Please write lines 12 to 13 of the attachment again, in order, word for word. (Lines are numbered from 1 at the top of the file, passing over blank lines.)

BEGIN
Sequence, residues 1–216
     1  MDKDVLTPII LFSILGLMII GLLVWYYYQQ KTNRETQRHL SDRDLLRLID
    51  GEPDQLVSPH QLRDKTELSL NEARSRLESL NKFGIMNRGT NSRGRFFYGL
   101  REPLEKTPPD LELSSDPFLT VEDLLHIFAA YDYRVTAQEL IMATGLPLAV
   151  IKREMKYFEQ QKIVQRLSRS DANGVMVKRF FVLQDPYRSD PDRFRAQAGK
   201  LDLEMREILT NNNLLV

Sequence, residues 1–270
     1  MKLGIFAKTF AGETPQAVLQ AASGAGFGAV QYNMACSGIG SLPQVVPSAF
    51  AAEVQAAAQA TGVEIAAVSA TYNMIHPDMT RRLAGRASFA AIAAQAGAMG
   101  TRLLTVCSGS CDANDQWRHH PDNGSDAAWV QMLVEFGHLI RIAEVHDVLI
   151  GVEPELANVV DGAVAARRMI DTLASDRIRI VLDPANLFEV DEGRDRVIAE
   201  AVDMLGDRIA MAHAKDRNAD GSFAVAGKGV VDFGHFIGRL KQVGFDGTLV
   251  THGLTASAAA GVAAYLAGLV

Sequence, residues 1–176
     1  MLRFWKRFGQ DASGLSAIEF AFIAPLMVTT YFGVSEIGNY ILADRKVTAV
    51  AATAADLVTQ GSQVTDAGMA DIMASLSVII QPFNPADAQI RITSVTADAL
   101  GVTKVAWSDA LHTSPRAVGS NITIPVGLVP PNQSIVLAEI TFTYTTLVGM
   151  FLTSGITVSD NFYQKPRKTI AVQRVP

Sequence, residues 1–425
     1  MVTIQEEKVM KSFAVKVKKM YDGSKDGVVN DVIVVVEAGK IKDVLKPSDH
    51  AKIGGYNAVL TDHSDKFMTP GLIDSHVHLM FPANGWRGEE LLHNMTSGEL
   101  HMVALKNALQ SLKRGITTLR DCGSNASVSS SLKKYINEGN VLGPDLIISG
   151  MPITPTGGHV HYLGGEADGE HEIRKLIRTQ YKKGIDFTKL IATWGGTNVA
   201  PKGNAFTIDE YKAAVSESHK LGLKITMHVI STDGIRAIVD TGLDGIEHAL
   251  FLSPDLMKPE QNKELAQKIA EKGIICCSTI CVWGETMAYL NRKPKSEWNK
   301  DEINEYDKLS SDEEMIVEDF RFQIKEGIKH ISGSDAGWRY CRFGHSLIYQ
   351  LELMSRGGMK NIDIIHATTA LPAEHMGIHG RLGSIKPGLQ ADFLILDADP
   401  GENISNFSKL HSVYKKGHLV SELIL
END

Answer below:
   201  AVDMLGDRIA MAHAKDRNAD GSFAVAGKGV VDFGHFIGRL KQVGFDGTLV
   251  THGLTASAAA GVAAYLAGLV